NEUMANN: The Klamath River flows more than 250 miles from Oregon through far Northern California, where it joins the Pacific Ocean. But for decades, much of the river has been blocked by four hydroelectric dams. Several tribes up and down this river have been at the forefront of protests to remove them for the health of fish, including salmon. Amy Cordalis is a member of the Yurok Tribe and a longtime advocate for dam removal.

AMY CORDALIS: This is historic and life-changing, and it means that the Yurok people have a future. It means the river has a future, the salmon have a future.

NEUMANN: Cordalis is an attorney for the Yurok Tribe and one of a younger generation of activists who took up the fight after the pioneering work of older tribal members like Leaf Hillman. He's a member of the nearby Karuk Tribe who helped start the campaign to take out the dams more than 20 years ago.

LEAF HILLMAN: As one generation, you know, moves on and passes on, the new generation is there to pick up the fight. And so it really has been a multigenerational struggle to remove these dams.

NEUMANN: The Klamath was once the third-largest-salmon-producing river on the West Coast. But over the past century, the salmon numbers have shrunk. The dams cut off spawning habitat and created conditions for fish diseases. Scientists are hopeful that ultimately taking out the dams will help the population rebound. Shari Witmore is a biologist with NOAA Fisheries. She helped evaluate the impacts to salmon from dam removal on the Klamath.

SHARI WITMORE: So when dams come out, we will have over 400 miles of Chinook habitat available, which we expect over time will be a greater than 80% increase in Chinook populations in the Klamath River.

NEUMANN: She says it's also expected to be a major step in the recovery of the river's more vulnerable Coho salmon. Reconnecting this single ecosystem, she says, will allow these species to extend their habitat. That'll help them better withstand heat waves, disease outbreaks, and increase their genetic diversity.

WITMORE: And that creates a lot of resilience over time with climate change. And it buffers against multi-year droughts.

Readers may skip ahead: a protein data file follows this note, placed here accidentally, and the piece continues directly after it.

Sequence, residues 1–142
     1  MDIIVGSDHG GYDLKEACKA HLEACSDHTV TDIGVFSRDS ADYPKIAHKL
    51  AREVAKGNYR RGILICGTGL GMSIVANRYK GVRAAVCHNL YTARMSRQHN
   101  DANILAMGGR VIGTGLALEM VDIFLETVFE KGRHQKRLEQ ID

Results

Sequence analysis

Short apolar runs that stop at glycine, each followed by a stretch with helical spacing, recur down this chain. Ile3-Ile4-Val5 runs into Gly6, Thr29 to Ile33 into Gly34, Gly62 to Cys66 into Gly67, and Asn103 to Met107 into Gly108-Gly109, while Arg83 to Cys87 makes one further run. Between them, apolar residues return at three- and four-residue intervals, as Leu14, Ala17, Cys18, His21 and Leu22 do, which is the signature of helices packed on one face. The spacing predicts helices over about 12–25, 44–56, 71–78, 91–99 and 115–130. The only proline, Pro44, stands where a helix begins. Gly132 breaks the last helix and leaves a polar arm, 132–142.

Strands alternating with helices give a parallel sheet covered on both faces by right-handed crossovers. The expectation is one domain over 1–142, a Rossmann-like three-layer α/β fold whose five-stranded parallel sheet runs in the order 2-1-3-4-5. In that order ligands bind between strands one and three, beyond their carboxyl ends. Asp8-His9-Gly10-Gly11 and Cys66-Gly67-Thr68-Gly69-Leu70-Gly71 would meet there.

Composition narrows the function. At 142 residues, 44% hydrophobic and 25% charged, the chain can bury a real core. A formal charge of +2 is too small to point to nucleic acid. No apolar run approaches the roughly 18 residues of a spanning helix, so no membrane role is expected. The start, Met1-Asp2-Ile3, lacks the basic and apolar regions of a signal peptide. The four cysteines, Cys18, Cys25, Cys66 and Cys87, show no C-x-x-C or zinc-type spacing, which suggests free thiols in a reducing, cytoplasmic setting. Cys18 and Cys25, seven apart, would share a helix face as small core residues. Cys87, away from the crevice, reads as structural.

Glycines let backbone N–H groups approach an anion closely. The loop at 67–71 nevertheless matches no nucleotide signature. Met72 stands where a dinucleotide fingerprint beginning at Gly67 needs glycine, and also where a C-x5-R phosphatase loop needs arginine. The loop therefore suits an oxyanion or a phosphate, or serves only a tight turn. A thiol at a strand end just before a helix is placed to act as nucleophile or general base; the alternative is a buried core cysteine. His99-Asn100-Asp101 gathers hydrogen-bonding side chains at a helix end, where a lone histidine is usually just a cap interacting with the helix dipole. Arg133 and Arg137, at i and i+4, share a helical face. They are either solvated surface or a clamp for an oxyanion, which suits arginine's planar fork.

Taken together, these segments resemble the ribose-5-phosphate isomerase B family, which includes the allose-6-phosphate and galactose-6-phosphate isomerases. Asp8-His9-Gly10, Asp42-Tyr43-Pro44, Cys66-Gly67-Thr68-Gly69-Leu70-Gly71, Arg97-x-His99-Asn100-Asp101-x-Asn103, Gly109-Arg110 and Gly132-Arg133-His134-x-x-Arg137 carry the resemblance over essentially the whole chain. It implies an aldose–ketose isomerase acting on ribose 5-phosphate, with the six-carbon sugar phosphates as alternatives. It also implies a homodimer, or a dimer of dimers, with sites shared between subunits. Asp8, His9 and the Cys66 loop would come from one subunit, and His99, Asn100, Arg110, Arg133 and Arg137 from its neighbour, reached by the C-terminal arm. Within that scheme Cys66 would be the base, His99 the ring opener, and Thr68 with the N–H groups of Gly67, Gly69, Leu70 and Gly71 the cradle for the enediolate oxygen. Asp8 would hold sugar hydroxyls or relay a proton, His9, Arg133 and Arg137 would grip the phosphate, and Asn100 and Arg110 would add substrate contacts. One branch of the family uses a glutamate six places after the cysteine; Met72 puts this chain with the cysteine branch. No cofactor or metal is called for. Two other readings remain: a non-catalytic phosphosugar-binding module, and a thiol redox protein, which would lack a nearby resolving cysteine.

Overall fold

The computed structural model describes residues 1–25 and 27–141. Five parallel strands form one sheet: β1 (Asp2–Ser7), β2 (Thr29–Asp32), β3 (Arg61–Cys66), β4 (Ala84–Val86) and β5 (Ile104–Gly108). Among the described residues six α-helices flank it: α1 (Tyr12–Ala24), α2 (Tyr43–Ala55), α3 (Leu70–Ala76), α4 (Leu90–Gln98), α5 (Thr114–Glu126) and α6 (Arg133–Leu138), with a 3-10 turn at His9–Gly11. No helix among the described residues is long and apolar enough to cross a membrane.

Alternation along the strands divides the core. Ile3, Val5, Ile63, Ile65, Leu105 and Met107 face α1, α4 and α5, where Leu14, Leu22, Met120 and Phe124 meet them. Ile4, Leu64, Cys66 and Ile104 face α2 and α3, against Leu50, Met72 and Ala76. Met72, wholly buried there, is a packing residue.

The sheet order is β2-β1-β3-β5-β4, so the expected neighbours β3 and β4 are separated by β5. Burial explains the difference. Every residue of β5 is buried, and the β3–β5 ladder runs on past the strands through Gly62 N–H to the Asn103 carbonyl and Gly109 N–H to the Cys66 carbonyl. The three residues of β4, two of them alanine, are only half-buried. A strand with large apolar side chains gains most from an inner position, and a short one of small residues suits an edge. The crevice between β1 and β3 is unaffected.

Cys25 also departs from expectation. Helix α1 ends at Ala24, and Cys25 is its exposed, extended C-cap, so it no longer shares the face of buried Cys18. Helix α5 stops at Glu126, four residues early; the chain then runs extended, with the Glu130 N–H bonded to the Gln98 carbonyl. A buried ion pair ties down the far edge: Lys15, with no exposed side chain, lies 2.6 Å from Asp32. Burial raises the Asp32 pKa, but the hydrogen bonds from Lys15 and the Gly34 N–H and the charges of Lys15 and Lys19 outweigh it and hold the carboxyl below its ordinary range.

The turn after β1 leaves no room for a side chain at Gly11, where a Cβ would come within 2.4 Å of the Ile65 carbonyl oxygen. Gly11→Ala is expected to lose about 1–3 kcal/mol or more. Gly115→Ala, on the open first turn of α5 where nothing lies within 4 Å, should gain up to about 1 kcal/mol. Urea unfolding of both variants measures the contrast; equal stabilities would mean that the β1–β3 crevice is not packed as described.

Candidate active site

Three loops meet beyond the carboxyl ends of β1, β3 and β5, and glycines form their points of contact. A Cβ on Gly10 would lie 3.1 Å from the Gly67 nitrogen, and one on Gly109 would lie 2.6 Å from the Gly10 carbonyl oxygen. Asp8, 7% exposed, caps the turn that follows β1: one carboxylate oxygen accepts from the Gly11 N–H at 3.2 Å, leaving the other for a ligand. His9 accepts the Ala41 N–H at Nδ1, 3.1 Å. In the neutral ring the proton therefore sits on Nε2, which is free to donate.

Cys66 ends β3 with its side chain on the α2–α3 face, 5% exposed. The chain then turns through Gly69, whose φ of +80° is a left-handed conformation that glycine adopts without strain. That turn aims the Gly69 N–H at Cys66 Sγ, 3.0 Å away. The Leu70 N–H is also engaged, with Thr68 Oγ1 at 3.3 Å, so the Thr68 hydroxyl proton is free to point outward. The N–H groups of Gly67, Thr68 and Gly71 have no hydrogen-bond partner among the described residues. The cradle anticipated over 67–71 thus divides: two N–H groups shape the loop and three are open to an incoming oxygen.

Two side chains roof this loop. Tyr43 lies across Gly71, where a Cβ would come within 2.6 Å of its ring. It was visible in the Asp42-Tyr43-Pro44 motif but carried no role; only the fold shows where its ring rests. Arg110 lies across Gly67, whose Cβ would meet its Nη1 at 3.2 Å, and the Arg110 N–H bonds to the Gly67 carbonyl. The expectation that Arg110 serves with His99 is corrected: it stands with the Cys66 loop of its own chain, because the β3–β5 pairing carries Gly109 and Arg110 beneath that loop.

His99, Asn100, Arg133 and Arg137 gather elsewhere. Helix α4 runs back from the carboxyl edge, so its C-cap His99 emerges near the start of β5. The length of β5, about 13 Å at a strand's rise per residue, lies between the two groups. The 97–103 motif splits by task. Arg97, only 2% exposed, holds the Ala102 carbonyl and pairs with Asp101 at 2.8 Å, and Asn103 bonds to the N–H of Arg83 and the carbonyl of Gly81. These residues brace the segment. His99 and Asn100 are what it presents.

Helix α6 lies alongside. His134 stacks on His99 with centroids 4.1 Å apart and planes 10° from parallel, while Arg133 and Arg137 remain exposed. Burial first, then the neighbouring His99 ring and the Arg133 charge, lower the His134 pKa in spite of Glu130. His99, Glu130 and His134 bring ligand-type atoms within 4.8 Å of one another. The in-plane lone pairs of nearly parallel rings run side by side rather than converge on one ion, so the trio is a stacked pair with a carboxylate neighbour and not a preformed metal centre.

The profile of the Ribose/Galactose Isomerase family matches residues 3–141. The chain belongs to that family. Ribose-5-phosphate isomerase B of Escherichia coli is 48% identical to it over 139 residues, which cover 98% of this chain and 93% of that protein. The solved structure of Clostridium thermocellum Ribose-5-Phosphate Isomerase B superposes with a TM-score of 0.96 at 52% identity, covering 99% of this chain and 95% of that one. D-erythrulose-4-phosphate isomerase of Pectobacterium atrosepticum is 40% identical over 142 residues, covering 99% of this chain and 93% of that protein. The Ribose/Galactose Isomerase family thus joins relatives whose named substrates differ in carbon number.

NEUMANN: Improving these fish populations, Witmore says, will also help killer whales in the ocean and commercial fishermen. But there are some who are concerned about the possible effects of dam removal, like many in the small community of Copco Lake. In the coming weeks, homes that were once on the lake will now be on a mudflat, as the reservoir behind the dam turns back into a narrower river. Francis Gill is a resident and the chief of the volunteer fire department. He's worried about property values going down and fighting fires without the lake as a water source.

FRANCIS GILL: Especially just with the way the wildfires have been getting the last 10 years, it's just - they just blow up so fast and get so big so quickly.

NEUMANN: There are other dams being considered for removal in the U.S., like those on the lower Snake River in Washington state. Dave Owen is a professor at UC Law San Francisco, where he teaches environmental and water law. He says while other dams might face bigger legal and political hurdles to removal, large projects like those on the Klamath do create possible models.

DAVE OWEN: But still, every time we do this and we do this at a big scale, we learn new things about the legal pathways. I think the other way it helps is it just helps people see that this is possible and that it can be highly successful.

NEUMANN: By the end of February, water will be let out of the two other upriver Klamath dams and be flowing freely through this section of the river for the first time in a century, carving a new channel for itself as it heads to the ocean. For NPR News, I'm Erik Neumann on the Klamath River. Transcript provided by NPR, Copyright NPR.